Solo 401k Bank Account Tips | Self-Directed 401k Bank Account Guide

While the bank account(s) for the self-directed solo 401k is commonly opened at major banks such as  Bank of America and Wells Fargo bank), some business owners may instead choose to open the solo 401k bank account at their local bank or credit union.

Your local banker or credit union representative will need to be educated on the solo 401k bank account process because he or she will most likely overthink the process. Quite often, the banker will assume that you are seeking to open a solo 401k with the bank, which obviously is not the case. Instead, you simply need to open a bank account for the solo 401k that you adopted through your solo 401k provider.

Following are some tips to take into account when opening the bank account for your self-directed 401k.

Explain that a self-directed 401k falls under the Internal Revenue Code and point the banker to the following IRS website:

Explain that a solo 401k falls under the retirement trust umbrella and that the business owner can serve as the trustee of the 401k trust. The above IRS web page confirms this, and here is the specific language.

“Trusts and trustees. 401(k) plans are funded through a trust established to hold and invest the plan’s assets. At least one trustee is appointed to have responsibility for the activities of the trust and its assets. This is a serious responsibility with considerable potential for liability. Trustees might include the business owner, an employee, or a financial or trust institution.”

Explain that the business owner(s) as trustee(s) direct all investments and decide on the bank or credit union of where to hold the solo 401k trust liquid funds; therefore, the bank will not serve as the trustee of any of the alternative investments (e.g., real estate, precious metals, tax liens, notes, private shares, etc.) and will not administer or safe-keep the solo 401k participant loan documents. Instead, these are responsibilities reserved for the trustee—typically the business owner(s).

Self-Directed 401k Trust Documents: Spoon-feed the banker with the various solo 401k trust documents so not to confuse him or her. First provide the Solo 401k Trust Agreement, which usually suffices as it lists the name of the plan, the name of the trustee(s) and their signatures; however, some banks will also require a Certificate of Trust document, which the solo 401k plan provider can draft at no additional cost.

Common Questions Posed by the Banker When Opening Bank Account(s) for a Solo 401k Trust:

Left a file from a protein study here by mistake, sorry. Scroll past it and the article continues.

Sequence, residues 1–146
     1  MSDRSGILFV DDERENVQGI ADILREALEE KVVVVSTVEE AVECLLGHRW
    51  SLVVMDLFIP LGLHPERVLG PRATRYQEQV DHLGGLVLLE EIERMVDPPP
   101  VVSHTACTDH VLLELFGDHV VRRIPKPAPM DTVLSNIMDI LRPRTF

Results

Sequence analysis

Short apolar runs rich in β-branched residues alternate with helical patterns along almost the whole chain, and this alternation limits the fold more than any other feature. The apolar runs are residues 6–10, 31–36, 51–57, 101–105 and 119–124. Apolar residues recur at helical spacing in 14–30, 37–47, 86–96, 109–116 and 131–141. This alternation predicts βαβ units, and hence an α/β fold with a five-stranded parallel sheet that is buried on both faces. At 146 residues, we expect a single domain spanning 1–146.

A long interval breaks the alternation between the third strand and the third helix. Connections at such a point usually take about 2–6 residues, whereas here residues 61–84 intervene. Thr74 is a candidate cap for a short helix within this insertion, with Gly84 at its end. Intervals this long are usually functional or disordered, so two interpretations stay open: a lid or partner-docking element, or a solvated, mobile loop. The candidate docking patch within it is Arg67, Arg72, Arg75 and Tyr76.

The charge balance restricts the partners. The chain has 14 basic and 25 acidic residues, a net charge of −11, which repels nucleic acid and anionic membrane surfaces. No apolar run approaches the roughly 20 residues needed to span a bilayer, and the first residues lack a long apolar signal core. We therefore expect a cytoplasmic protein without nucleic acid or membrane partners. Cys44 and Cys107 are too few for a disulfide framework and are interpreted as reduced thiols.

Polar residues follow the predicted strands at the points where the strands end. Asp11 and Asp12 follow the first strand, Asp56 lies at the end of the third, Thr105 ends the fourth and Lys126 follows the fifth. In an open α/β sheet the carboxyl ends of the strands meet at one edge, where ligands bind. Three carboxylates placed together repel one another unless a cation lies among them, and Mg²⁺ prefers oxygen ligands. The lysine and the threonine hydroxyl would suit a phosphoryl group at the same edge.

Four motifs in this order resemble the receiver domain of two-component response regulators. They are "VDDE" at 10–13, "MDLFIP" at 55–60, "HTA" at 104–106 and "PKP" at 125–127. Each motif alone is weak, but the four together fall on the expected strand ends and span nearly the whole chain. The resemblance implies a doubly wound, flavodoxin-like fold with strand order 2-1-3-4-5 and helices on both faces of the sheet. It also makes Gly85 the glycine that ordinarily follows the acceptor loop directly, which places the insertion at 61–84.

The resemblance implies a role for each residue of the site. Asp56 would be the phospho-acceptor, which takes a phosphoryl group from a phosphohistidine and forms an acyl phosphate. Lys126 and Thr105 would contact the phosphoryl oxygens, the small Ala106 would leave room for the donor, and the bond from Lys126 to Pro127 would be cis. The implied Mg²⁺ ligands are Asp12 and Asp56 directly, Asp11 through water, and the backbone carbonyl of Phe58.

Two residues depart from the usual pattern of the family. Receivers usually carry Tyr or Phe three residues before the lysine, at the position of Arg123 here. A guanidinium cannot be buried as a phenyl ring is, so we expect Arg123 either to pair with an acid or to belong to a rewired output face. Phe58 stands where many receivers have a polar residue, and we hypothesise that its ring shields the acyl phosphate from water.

Question. How is account titled?

Answer: The bank account is tiled in the name of the solo 401k trust.

Question: Who is the trustee?

Answer: The business owner is the trustee.

Question: Is the trust revocable or irrevocable?

Answer: This is a revocable trust, and it is not a living trust so it is not registered with the state.

Question: Who has signing authority?

Answer: The solo 401k trustee has signing authority.

Question: What banking features are allowed for the solo 401k trust bank account?

Answer: Check writing, debit cards, ACH, wires and cashier checks are permitted; however, credit cards and personal lines of credit are not.

Here is how bank account for a Solo 401k Trust checking account is generally titled /registered:

Tax Responsible Customer (how the bank account is titled):  (enter name of solo 401k trust), F.B.O.  (enter name of participant)

Have the bank use the solo 401k plan EIN (employer identification number) for reporting purposes

How Many Bank Accounts QUESTION:

We have a mutual client who is in the process of opening accounts for her 401k. She provided several attachments including a previously received email and a bank account guide. Will she need to be opening 3 separate accounts titled for Pre-Tax, Roth, and After-Tax? Or will we need one revocable trust account simply titled 401k?

Since the client will make pretax, Roth, and voluntary after-tax contributions to the solo 401k trust, 3 simple, depository accounts are all that is required. All 3 accounts must be opened under the trust name and use the plan’s employer identification number (EIN). Please note, the bank will not be operating as a fiduciary, custodian, or trustee of these trust accounts, and therefore will not be responsible for any reporting or tax filings on behalf of the account. The bank’s only responsibility is to serve as depository of the funds.

About Mark Nolan

Each day I speak with energetic entrepreneurs looking to take the plunge into a new venture and small business owners eager to take control of their retirement savings. I am passionate about helping others find their financial independence. Having worked for over 20 years with some of the top retirement account custodian and insurance companies I have a deep and extensive knowledge of the complexities of self-directed 401ks and IRAs as well as retirement plan regulations. Learn more about Mark Nolan and My Solo 401k Financial >>


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